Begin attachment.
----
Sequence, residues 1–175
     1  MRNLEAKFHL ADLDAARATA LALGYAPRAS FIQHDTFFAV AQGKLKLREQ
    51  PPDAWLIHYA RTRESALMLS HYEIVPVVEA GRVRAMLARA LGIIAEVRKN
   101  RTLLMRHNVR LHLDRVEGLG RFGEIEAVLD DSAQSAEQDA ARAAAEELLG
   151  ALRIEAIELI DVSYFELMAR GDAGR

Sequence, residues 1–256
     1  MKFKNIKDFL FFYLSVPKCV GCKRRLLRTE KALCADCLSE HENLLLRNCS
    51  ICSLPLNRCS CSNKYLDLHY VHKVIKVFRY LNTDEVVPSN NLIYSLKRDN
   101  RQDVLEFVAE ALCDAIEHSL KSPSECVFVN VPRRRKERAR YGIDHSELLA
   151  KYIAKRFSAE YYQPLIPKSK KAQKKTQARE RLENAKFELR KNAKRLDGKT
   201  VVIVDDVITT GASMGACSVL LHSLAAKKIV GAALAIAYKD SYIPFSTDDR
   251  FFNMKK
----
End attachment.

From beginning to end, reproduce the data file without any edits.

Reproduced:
Sequence, residues 1–175
     1  MRNLEAKFHL ADLDAARATA LALGYAPRAS FIQHDTFFAV AQGKLKLREQ
    51  PPDAWLIHYA RTRESALMLS HYEIVPVVEA GRVRAMLARA LGIIAEVRKN
   101  RTLLMRHNVR LHLDRVEGLG RFGEIEAVLD DSAQSAEQDA ARAAAEELLG
   151  ALRIEAIELI DVSYFELMAR GDAGR

Sequence, residues 1–256
     1  MKFKNIKDFL FFYLSVPKCV GCKRRLLRTE KALCADCLSE HENLLLRNCS
    51  ICSLPLNRCS CSNKYLDLHY VHKVIKVFRY LNTDEVVPSN NLIYSLKRDN
   101  RQDVLEFVAE ALCDAIEHSL KSPSECVFVN VPRRRKERAR YGIDHSELLA
   151  KYIAKRFSAE YYQPLIPKSK KAQKKTQARE RLENAKFELR KNAKRLDGKT
   201  VVIVDDVITT GASMGACSVL LHSLAAKKIV GAALAIAYKD SYIPFSTDDR
   251  FFNMKK